Turtle Bay TV
Lights, camera, action…
Turtle Bay TV might be the biggest Redding success story you’ve never heard. When the whole state locked down months ago, the gates to the gardens had to close, as well as the door to the museum, blocking the public not only from the art and science displays in the galleries, but access to the whole park just outside that back door.
Yet, happily, it turns out the public still has access to these Turtle Bay attractions. Not by pushing handles of doors touched by hundreds of random hands, nor by packing into themed rooms featuring interactive educational exhibits, but by kicking back at your computer at home, or calling up the internet on your phone from anywhere to access programming from all four corners of Turtle Bay Exploration Park.
Since April, staff have provided two distinct online routes of access to the treasures of Turtle Bay, according to Seth McGaha, marketing and public relations manager. “We have been busy producing high-production-value content, as well as candid live streaming on social media,” he says. The former is Turtle Bay TV, 22-minute clips on a variety of topics. Visitors may access this programming through the Turtle Bay website.
The second route is a series of short live streams directly to social media, organized and executed by the heads of departments in the park. Marketing specialist Ryan Odle says the Horticulture Department, Education, Exhibition and Animal Care do their own live segments, while Turtle Bay TV represents a more formal production, coordinating with these four department heads to include some content from each for every Turtle Bay TV video.
“Seth and I make a two-man film crew,” says Odle. “Even before the closure, it was already on our minds to do something like this. The closure just pushed that goal into high gear. We brought our park back to life virtually. We still entertain, still teach. People can still learn about animals.”
With only a digital camera equipped with microphones, Odle takes aim at animal trainer Rachel Skrobot inside the Mill House to demonstrate how easily his rig can capture a video session to be edited into an episode of Turtle Bay TV. Meanwhile, just outside the building, Animal Care live streams their individual public offering, an episode called “Animal Adventures sponsored by Cal Trout.”
On cell phone camera, Sharon Clay, curator of animal programs, introduces to social media the newest member of the Animal Care family, a five-week-old grey fox kit, a rescue found by and kept with people too long to safely return to the wild. Clay speaks without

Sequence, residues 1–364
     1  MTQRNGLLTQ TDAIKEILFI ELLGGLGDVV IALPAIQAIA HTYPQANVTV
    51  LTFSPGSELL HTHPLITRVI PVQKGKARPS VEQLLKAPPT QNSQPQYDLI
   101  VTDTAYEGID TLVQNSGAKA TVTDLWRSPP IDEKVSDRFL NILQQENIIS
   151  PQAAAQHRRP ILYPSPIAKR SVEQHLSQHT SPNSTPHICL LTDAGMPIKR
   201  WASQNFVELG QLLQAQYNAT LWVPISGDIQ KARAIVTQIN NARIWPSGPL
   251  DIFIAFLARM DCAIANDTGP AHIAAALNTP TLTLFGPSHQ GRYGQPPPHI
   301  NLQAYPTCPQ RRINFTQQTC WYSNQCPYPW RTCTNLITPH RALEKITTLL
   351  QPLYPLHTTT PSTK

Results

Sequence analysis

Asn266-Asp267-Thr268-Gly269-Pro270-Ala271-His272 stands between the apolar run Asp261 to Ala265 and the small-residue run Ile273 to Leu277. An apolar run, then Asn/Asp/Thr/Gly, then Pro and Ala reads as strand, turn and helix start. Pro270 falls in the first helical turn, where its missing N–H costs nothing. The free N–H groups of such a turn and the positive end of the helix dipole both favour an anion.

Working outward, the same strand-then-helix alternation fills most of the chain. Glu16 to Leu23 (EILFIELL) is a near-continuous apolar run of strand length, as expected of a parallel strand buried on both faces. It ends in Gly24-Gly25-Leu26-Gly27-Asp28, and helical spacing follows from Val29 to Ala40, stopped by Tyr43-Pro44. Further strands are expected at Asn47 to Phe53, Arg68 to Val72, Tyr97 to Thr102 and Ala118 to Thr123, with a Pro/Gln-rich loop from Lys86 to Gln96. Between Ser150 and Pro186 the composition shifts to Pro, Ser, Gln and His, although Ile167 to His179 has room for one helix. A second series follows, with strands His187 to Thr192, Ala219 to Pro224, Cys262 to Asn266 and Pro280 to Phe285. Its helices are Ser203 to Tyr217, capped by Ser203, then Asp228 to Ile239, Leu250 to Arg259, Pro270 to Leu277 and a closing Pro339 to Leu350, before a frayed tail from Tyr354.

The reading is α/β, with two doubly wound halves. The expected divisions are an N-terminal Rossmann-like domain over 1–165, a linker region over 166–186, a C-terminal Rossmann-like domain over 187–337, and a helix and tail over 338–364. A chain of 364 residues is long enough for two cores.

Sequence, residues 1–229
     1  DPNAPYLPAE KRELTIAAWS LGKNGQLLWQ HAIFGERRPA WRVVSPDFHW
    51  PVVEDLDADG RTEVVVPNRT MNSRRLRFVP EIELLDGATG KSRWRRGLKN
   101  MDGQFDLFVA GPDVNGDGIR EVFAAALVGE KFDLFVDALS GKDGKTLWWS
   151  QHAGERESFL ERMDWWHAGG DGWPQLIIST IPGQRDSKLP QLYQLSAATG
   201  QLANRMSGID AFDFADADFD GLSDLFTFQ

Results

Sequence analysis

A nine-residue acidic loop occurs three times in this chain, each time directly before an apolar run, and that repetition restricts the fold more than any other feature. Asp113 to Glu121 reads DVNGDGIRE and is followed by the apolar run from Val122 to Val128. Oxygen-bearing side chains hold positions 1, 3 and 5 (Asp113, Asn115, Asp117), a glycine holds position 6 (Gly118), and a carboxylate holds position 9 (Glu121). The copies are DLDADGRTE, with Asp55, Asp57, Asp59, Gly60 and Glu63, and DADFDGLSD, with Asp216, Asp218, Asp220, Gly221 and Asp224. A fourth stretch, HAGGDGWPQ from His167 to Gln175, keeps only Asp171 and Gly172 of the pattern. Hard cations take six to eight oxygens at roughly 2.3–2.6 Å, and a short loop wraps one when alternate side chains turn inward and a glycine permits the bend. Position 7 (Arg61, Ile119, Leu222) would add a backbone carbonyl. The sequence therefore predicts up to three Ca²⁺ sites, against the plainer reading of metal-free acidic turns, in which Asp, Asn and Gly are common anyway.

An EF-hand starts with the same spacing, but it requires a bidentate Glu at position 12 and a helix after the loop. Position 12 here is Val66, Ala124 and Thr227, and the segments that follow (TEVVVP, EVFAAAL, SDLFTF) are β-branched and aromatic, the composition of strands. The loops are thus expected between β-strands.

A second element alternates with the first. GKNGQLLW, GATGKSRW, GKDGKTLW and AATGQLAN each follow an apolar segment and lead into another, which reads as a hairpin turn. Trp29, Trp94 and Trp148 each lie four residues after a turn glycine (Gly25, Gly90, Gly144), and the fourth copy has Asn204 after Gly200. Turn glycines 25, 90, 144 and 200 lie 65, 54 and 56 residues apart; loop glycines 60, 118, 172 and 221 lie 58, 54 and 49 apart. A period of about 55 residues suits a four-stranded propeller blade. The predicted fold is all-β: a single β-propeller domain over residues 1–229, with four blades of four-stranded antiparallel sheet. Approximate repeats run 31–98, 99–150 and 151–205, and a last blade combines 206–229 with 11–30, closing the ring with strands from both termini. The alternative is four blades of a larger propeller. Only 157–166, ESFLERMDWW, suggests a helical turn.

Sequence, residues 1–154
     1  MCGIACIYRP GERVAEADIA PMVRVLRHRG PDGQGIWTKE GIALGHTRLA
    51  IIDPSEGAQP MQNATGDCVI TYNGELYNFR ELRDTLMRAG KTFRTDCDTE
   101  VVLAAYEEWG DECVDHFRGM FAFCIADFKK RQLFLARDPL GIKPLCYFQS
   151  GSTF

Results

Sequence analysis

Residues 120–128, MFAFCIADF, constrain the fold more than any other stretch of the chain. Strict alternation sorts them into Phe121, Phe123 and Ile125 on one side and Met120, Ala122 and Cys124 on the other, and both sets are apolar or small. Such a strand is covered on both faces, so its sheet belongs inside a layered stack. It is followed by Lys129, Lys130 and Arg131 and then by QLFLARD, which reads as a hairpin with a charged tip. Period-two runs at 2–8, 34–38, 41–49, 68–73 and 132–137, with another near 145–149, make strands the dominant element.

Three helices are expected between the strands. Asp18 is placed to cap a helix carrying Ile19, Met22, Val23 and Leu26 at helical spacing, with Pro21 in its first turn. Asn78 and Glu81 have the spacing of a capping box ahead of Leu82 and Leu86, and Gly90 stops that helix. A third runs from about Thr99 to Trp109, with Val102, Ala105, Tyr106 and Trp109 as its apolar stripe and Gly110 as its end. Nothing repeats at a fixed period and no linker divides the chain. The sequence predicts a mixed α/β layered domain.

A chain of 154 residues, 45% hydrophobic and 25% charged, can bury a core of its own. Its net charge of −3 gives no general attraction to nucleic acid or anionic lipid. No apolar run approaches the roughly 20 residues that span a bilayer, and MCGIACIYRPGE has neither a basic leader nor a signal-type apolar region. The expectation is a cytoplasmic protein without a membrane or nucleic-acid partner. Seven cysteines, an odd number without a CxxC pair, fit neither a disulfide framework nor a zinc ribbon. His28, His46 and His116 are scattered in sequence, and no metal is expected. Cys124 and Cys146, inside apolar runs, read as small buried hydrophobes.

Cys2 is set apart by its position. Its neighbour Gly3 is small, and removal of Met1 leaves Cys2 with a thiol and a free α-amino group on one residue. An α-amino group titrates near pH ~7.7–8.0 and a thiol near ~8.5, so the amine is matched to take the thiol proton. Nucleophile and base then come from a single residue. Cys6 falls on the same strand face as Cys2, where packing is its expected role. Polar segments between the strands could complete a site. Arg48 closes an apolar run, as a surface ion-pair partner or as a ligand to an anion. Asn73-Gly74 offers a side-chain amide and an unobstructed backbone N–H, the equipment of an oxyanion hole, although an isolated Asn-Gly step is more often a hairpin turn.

a script, and in the familiar Turtle Bay delivery that encourages audience participation.
“She cannot be returned to the wild because she thinks humans are safe,” stresses Clay. “That’s not safe for her. Because if she comes running and jumps on the back of your child because she thinks they’re someone to play with, you might not be so friendly with this fox.” Moments later she identifies the grey fox as arboreal. “Question out there, what is arboreal?”
Two animal trainers with smartphones comprise the production team that interfaces with the live, online audience. Kyla Forester trains her phone’s camera on Clay; Skrobot watches the live feed on her phone for reactions from the public.
In this case, the first sight of the baby fox elicited expressions of “cute” – with hearts – and at least one squeal. Later, Skrobot relays the answer: “It means they’re comfortable in the trees.” In total, the stream lasts about 10 minutes.
Off camera, Clay speaks about another change Animal Care made to adapt to the lockdown. “A big one, we wear masks,” she says. “Some species have been shown to be susceptible to the coronavirus, so we have to be very careful. Our worst nightmare is to get the animals sick.”
Animal trainer Jonelle Meyer says much of the daily routine is like offseason. “Some of the animals are enjoying extra time with staff,” she says. “But some of the more personable ones miss our guests.” She notes that trainers can tell this by observing them during the shows. They’ve seen their kookaburra and badger both pay particular attention to the reactions they get from their audiences.
Without this stimulation, the animals’ nervous energy goes up, a behavioral trait that might sound familiar to readers facing a third month of shelter in place.
Marketing Specialist Odle sees Turtle Bay TV and the live showings as the best way for the public to keep in touch. “They could see that
even during the closure, Turtle Bay had so much going on,” he says. “They knew we were still active and eagerly waiting to open back up.”
Clay has received encouraging feedback about the streams from the public. “We’ve heard that some parents are using ‘Animal Adventures’ to teach their children at home school,” she says. “They say, ‘It’s exciting, fun and educational, and everyone should tune in.’”
Speaking for herself, she adds, “It’s worth your time.”•
Turtle Bay TV • www.turtlebay.org/watch
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Story and photo by Richard DuPertuis